PubDate: 2018-09-01
      DOI: 10.1007/s13384-018-0269-8
      Issue No: Vol. 45, No. 4 (2018)
       
  • The influence of professional development in gifted education on the
           frequency of instructional practices
    • Authors: Scott J. Peters; Jennifer L. Jolly
      Pages: 473 - 491
      Abstract: Abstract Gifted education teacher training, licensure, certification, and degrees are ubiquitous in the Australia and abroad, and yet whether or not such training results in changes to classroom instructional practices remains unknown. The purpose of this study was to better understand the relationship between professional development in gifted education and the practices used by educators in the classroom. Two hundred and seventy-nine respondents who had completed one of three levels of teacher professional development completed the Classroom Practice Survey (Revised). The preregistered prediction for this study, that higher levels of professional development would result in higher levels of self-reported teacher practices, was not supported by the data, thereby drawing attention to the need for more research in this area and potential revisions to gifted education teacher professional development opportunities.
      PubDate: 2018-09-01
      DOI: 10.1007/s13384-018-0260-4
      Issue No: Vol. 45, No. 4 (2018)
       
  • School leaders’ identification of school level and teacher practices
           that influence school improvement in national numeracy testing outcomes
    • Authors: Tracey Muir; Sharyn Livy; Sandra Herbert; Rosemary Callingham
      Pages: 297 - 313
      Abstract: Abstract Since 2008, all Australian students in Years 3, 5, 7 and 9 have been assessed in literacy and numeracy through an annual National Assessment Program—Literacy and Numeracy (NAPLAN) test. In 2015, a team of mathematics education researchers across Australia conducted a nationwide research project to identify school practices and policies that were consistent between schools that showed growth and/or improvement in their NAPLAN numeracy results. This paper reports findings from three case study schools, using a school improvement framework to interpret evidence gathered from the schools’ principals and school leaders. The study has particular implications for policy makers and school leaders who may be seeking ways to improve mathematical practices in their own jurisdictions and schools.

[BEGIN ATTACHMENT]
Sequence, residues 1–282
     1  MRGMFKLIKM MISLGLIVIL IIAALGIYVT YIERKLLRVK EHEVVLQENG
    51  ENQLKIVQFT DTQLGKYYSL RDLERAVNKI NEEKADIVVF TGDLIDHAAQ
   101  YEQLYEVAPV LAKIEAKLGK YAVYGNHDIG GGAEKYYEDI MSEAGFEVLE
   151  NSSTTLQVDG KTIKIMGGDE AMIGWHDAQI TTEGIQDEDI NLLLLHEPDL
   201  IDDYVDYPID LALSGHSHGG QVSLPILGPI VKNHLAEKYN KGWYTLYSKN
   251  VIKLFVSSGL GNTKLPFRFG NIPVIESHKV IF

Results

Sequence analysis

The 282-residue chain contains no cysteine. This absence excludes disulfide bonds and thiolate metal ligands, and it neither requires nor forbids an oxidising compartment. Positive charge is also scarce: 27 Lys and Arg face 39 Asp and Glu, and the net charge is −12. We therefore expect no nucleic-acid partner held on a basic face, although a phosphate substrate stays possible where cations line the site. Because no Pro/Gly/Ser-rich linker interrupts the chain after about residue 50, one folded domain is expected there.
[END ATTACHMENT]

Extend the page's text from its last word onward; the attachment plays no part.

PubDate: 2018-07-01
      DOI: 10.1007/s13384-017-0252-9
      Issue No: Vol. 45, No. 3 (2018)
       
  • Student experiences of NAPLAN: sharing insights from two school sites
    • Authors: Katharine Swain; Donna Pendergast; Joy Cumming
      Pages: 315 - 342
      Abstract: Abstract This paper provides insight into middle school students’ perceptions and reactions to their participation in the Australian National Assessment Program—Literacy and Numeracy (NAPLAN). A case study was conducted over 10 months at two Queensland schools with different approaches to NAPLAN implementation. Student voice was elicited via focus groups and 35 students provided drawings and words describing their experience in four stages: preparing, sitting, completing and receiving their results. Thematic content analysis of the textual data and trait and holistic coding of the visual data revealed five themes and suggests that the approach adopted by the school may impact on students’ NAPLAN experiences. This study privileges student voice and enables access to student experiences as they participate in a testing regime which is now a feature of the Australian school assessment landscape.
      PubDate: 2018-07-01
      DOI: 10.1007/s13384-017-0256-5
      Issue No: Vol. 45, No. 3 (2018)
       
  • Searching for the Songlines of Aboriginal education and culture within
           Australian higher education
    • Authors: Lawrence Perry; Leanne Holt
      Pages: 343 - 361
      Abstract: Abstract The introduction of spaces that encouraged the participation of Aboriginal and Torres Strait Islander peoples in higher education became a reality in the early 1980s. Since then, Aboriginal and Torres Strait Islander educators and leaders have worked tirelessly to find their ‘fit’ within the Western academy, which continues to impose a colonial, Western educative framework onto Aboriginal and Torres Strait Islander peoples. More recently, universities are attempting to move towards a ‘whole of university’ approach to Aboriginal and Torres Strait Islander higher education. To achieve such a major shift across the academy, Indigenous values, perspectives and knowledges need to be acknowledged as a strong contributor to the environments of universities in all core areas: student engagement, learning and teaching, research and workforce. In a move to achieving a ‘whole of university’ approach which revolves around Aboriginal culture and knowledges, the Wollotuka Institute at the University of Newcastle developed a set of cultural standards, as part of an international accreditation process, to guide a culturally affirming environment for Aboriginal and Torres Strait Islander students and staff. This environment acknowledges the unique cultural values and perspectives of Aboriginal and Torres Strait Islander peoples. In this paper, the authors explore, from an Indigenous Standpoint, the creation of a university environment that privileges Aboriginal values, principles, knowledges and perspectives. The paper exposes how traditional Aboriginal Songlines, particularly in Aboriginal education, were disrupted, and how the creation and emergence of a contemporary environment of Aboriginal educational and cultural affirmation works towards the re-emergence of Songlines within higher education.